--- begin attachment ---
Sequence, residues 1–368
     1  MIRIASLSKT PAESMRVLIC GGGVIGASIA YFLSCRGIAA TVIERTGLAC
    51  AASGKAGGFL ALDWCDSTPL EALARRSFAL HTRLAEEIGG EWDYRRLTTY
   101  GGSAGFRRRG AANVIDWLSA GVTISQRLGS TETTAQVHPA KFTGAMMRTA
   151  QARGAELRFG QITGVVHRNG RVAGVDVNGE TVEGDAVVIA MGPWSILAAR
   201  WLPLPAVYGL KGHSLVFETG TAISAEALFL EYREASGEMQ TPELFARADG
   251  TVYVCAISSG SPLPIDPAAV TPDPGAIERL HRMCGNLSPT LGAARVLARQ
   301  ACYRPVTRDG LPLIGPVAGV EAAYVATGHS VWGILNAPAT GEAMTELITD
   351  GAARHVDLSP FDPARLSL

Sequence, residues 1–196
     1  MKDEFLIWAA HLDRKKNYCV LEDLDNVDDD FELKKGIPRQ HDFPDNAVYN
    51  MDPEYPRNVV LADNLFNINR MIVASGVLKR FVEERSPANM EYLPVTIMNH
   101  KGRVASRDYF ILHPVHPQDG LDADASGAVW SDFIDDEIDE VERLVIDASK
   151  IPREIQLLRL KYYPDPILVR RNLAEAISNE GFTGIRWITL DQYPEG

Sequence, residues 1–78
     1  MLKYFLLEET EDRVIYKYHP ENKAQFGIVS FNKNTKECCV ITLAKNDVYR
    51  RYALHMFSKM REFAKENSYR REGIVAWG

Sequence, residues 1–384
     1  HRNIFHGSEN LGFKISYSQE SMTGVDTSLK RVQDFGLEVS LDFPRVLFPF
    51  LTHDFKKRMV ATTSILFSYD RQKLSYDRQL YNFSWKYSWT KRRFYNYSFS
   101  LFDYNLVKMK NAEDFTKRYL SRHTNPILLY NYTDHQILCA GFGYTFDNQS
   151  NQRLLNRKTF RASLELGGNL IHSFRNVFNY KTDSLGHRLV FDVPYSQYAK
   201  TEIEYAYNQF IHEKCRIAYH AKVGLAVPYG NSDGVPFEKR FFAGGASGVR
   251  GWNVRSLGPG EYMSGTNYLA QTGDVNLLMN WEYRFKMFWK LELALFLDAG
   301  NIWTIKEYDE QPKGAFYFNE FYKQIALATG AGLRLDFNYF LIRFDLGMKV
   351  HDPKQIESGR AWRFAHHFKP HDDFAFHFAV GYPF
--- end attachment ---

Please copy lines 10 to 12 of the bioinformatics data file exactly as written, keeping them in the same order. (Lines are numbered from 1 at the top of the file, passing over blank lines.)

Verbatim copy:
Sequence, residues 1–196
     1  MKDEFLIWAA HLDRKKNYCV LEDLDNVDDD FELKKGIPRQ HDFPDNAVYN
    51  MDPEYPRNVV LADNLFNINR MIVASGVLKR FVEERSPANM EYLPVTIMNH